New Zealand v Sri Lanka, Champions Trophy Group A, Cardiff

Cardiff pitch 'incredibly difficult' - McCullum

David Hopps

June 9, 2013

Comments: 37 | Text size: A | A

New Zealand's captain, Brendon McCullum, was full of praise for a narrow one-wicket victory against Sri Lanka which broke a run of 10 out of 11 defeats against them in 50-over cricket.

The win came on a used Cardiff pitch that McCullum dubbed "incredibly difficult". New Zealand looked to be cruising at 48 for 1, needing only 139 to win, but their ninth wicket fell with five still needed before they squeezed over the line.

Sri Lanka were harshly done to by a rejected lbw decision against Tim Southee when he was struck on the boot by Lasith Malinga and got four runs instead.

Their frustration with several decisions led to Mahela Jaywardene and Tillakaratne Dilshan being reprimanded for excessive appealing. Both players pleaded guilty and lost 50 per cent of their match fee.

Nathan McCullum, made Man of the Match for his all-round performance of 2 for 23 and 32, was also fortunate to survive a catch at the wicket against Shaminda Eranga on 16 when only the wicketkeeper, Kumar Sangakkara, appealed for a nick revealed later by Hot Spot.

"I think today's wicket was an incredibly difficult wicket to bat on," said Brendon McCullum. "You sort of expect to chase 138 every day of the week, and then you see the ball sort of turning, stopping, keeping low and swinging, and you know that you've got Malinga to deal with and you know that 130-odd is a lot bigger total than what it suggests.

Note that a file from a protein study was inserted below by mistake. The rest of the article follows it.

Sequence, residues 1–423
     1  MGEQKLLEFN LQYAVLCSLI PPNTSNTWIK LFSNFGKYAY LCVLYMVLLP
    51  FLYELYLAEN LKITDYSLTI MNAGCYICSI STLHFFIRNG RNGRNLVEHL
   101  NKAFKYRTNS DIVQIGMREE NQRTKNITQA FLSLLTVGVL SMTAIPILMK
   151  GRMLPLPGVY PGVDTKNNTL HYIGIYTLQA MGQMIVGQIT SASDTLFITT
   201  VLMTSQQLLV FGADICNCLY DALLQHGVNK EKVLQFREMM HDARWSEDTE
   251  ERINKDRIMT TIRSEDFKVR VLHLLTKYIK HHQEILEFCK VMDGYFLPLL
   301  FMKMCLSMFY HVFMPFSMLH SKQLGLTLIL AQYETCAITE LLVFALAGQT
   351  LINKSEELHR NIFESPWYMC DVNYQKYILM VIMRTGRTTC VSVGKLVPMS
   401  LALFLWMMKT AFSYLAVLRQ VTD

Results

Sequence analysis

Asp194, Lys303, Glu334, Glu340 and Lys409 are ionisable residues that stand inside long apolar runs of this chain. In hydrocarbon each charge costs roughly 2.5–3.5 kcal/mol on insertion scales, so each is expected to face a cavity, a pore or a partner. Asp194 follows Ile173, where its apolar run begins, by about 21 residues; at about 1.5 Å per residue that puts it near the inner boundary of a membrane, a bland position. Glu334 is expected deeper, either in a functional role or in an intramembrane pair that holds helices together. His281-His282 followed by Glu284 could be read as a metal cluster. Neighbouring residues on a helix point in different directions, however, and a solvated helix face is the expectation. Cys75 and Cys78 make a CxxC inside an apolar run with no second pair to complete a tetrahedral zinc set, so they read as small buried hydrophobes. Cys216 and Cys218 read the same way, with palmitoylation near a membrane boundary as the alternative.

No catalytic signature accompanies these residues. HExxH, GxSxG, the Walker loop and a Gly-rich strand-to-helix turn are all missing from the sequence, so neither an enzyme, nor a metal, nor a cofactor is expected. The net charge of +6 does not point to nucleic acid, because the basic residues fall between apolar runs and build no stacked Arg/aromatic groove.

"These points were incredibly valuable especially against a team as dangerous as Sri Lanka in these conditions. They obviously knew the pitch was going to dry out a touch as well and the new ball was going to come into effect.

"I mentioned out on the field afterwards actually that I think it would have been quite a tough one to come back from if we hadn't gotten across the line.

"Nathan was obviously brilliant how he struck the ball as well as anyone else did on that surface, and obviously Tim as well showing some nice composure there towards the end.

"Once Nathan got out that was probably when things got a little bit nervy. But once we got down to the last few runs, it wasn't too bad because I knew that Tim Southee had faced a lot of balls against Malinga, and he was one of those guys that once you face him for a period it becomes a touch easier."

The match marked Daniel Vettori's first appearance for New Zealand since World Twenty20 in Sri Lanka in Pallakele in September last year and his wicket of Jaywardene made a contribution to Sri Lanka's victory.

"His wicket of Jayawardene was a huge wicket for us," McCullum said. "That was some really good prep and planning from us as well. It was a huge moment in the game where we were able to dismiss one of the most experienced players. But also in the other overs he asked a lot of questions and certainly played a valuable role for us.

"I think he'll be okay for the next few games. He's certainly no spring chicken in the field, but a couple of us aren't quite what we used to be on the field as well.

New Zealand now face a dilemma whether to field Vettori against Australia at Edgbaston on Wednesday or save him until they face England in Cardiff two days later on what could potentially be another spin-friendly surface. It may depend how he reacts to his first match action for such a prolonged period.

"We want to keep using Danny as we go through," McCullum said. "He's valuable to us. Knowing that the wicket, when we get back here, is likely to be similar to what we had today, our assessment of the wicket that we'll play at Edgbaston is very important.

"If it isn't going to have the same grip or stop or turn as we're seeing here, then we've got to marry up the risk of playing Dan, knowing we've still got some valuable men on the squad that can fill that void. But we'll have to talk to Dan and wait and see."